September 04, 2015

A degree in data science is in demand

The work of a data scientist is really two-fold. First, the data scientist must pull together all this data, which is often just a collection of garbled text or numbers, and clean it up to the point where it can be analyzed. Then, the data scientist has to know how to extract meaningful information from the cleaned-up data. “Big data represents one of the fastest growing areas of business, estimated to become a 17-trillion-dollar industry by 2020," wrote Becker College when it introduced its new data science program earlier this year.  Locally, Worcester Polytechnic Institute and Becker offer data science programs; both convinced that data science is already a desired career path for their students.
WPI's data science program is entering its second year; it currently offers a two-year, graduate-level degree in data science, and this fall, is adding a doctorate-level degree.

US Army’s Cyber War Strategy is Not Just for Military Use

Taking threat sensor data, removing noise and analyzing the data, will provide decision makers with the ability to forecast, gain up-to-date battle damage assessments (BDA) and supply geolocation information of the enemy and the electronic signatures our own forces generate. Convergence is going to be achieved by consolidating its cyber forces operating across multiple departments into single cross operational units removing impediments to information sharing. By fiscal year 2017, the U.S. Army Cyber Command (ARCYBER) will eventually have 41 Cyber Mission Forces operationally capable. They will combine cybersecurity, electronic warfare and signal doctrine into single units. The units will use past lessons learned to develop new doctrines in cyber security.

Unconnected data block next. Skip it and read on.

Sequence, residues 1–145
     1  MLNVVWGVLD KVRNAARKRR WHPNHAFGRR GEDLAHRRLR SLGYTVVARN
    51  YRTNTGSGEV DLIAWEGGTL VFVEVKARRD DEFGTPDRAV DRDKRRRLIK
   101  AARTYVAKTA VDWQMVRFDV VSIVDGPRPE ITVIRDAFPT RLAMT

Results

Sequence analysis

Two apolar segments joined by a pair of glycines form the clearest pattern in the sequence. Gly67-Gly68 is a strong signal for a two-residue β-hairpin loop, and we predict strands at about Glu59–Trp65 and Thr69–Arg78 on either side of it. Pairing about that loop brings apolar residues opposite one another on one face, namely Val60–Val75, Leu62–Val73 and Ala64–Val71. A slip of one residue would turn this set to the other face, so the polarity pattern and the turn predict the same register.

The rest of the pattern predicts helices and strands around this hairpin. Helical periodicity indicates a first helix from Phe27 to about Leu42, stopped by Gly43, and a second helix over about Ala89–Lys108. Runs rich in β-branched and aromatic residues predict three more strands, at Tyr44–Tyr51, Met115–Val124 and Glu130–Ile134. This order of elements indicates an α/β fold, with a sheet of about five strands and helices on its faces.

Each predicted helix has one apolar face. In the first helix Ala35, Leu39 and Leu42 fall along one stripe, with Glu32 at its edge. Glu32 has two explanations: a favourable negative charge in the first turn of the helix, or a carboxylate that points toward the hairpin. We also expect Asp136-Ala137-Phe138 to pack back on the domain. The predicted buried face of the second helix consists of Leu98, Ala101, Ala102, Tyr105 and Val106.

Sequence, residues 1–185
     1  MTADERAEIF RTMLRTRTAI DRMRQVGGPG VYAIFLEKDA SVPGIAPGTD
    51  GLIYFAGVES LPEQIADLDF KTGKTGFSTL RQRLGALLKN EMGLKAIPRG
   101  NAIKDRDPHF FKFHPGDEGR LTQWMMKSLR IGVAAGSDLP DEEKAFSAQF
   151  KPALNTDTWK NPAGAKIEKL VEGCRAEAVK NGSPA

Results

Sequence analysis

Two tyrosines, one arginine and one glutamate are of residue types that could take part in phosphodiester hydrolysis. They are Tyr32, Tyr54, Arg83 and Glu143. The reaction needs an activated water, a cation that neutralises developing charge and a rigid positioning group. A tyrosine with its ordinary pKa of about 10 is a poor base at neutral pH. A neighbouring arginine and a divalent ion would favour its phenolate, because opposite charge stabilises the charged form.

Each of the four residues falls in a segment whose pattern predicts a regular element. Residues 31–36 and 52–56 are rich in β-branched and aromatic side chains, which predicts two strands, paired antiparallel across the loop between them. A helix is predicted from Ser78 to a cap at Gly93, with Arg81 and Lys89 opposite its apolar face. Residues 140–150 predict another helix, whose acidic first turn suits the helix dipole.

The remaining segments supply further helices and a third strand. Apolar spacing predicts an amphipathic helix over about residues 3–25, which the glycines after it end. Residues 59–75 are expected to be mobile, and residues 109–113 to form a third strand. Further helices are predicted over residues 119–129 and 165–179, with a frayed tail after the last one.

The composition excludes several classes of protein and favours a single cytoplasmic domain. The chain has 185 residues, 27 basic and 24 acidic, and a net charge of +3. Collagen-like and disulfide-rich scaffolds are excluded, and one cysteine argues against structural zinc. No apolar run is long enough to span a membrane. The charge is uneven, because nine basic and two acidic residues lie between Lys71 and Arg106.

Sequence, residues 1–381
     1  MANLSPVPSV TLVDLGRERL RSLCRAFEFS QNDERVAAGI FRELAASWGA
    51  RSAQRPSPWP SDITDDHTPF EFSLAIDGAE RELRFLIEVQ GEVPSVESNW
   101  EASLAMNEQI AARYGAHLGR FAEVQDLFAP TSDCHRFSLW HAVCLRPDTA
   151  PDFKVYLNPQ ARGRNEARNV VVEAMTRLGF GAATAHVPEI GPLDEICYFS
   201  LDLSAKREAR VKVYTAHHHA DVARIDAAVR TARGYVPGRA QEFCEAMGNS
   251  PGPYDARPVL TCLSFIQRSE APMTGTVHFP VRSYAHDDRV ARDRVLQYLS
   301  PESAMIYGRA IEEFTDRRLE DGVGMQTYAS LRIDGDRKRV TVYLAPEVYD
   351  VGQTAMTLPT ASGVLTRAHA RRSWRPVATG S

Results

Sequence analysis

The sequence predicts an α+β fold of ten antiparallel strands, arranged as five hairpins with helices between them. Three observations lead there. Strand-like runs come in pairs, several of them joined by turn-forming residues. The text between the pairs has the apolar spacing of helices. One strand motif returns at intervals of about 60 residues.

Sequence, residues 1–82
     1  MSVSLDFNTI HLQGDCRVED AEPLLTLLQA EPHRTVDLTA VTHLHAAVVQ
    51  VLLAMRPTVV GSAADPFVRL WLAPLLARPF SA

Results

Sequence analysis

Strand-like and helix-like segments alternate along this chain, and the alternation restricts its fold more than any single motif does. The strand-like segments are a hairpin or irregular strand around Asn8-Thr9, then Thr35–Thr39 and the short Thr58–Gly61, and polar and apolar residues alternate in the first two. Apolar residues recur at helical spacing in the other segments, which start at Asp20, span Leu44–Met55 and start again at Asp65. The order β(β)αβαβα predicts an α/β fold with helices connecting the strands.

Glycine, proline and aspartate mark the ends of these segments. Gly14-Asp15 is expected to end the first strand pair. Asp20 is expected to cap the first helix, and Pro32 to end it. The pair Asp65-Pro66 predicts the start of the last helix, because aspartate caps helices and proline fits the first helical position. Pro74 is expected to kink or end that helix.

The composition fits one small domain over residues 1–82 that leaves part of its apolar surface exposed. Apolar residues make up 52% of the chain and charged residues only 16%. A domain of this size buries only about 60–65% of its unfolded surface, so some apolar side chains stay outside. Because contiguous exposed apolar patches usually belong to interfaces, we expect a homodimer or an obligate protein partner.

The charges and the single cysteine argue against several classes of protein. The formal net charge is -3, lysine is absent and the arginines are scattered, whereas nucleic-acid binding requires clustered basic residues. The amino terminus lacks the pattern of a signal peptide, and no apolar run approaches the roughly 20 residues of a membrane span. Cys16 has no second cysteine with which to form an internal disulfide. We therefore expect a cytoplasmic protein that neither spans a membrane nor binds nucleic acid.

How Edge Data Center Providers are Changing the Internet’s Geography

Ultimately, location is the main way for companies like EdgeConneX to differentiate from the big colo players like Equinix or Interxion. Edge data center providers are essentially building in tier-two markets what Equinix and its rivals have built in the big core markets: hubs where all the players in the long chain of delivering content or services to customers interconnect and exchange traffic. These hubs are where most of the internet has lived and grown for the bulk of its existence, and edge data center companies are building smaller hubs in places that don’t already have them but are becoming increasingly bandwidth-hungry.

What Do Marketers Really Want in Data and Technology?

You may have heard of Data-as-a-Service (DaaS). Companies are touting DaaS as the next big thing and as a solution that gives marketers an “unfair competitive advantage.” By linking data with technology, DaaS is completely changing the game through a new model of fast-moving and real-time data acquisition. As the name implies, Data-as-a-Service begins with the data. Specifically, a company’s internal data, third party data, real-time fast data, and unique and hard-to-find data (HTFD) sourced from the Big Data ecosystem. With technology this data is structured to create insight into their best customers and ideal prospects. Real-time knowledge is also used to learn about who is actively in market for products and services, who is searching for competitors, or who is posting to social media for product recommendations.

Leveraging COBIT to Implement Information Security (Part 3)

In the context discussed here, it is envisaged that controls within the system are selected by management on a risk-assessed basis to address the perceived threats to the security of the organisation’s core business processes. Once selected, the ISMS is the basis for collecting evidence for operation and reviewing the efficacy of the implementation on an ongoing basis as part of the security forum. The forum is created by senior management, typically the chief executive officer (CEO), as a collaborative round table where managers from IT security, IT, human resources (HR) and major business functions can come together to make decisions on the basis of regular reporting from the system.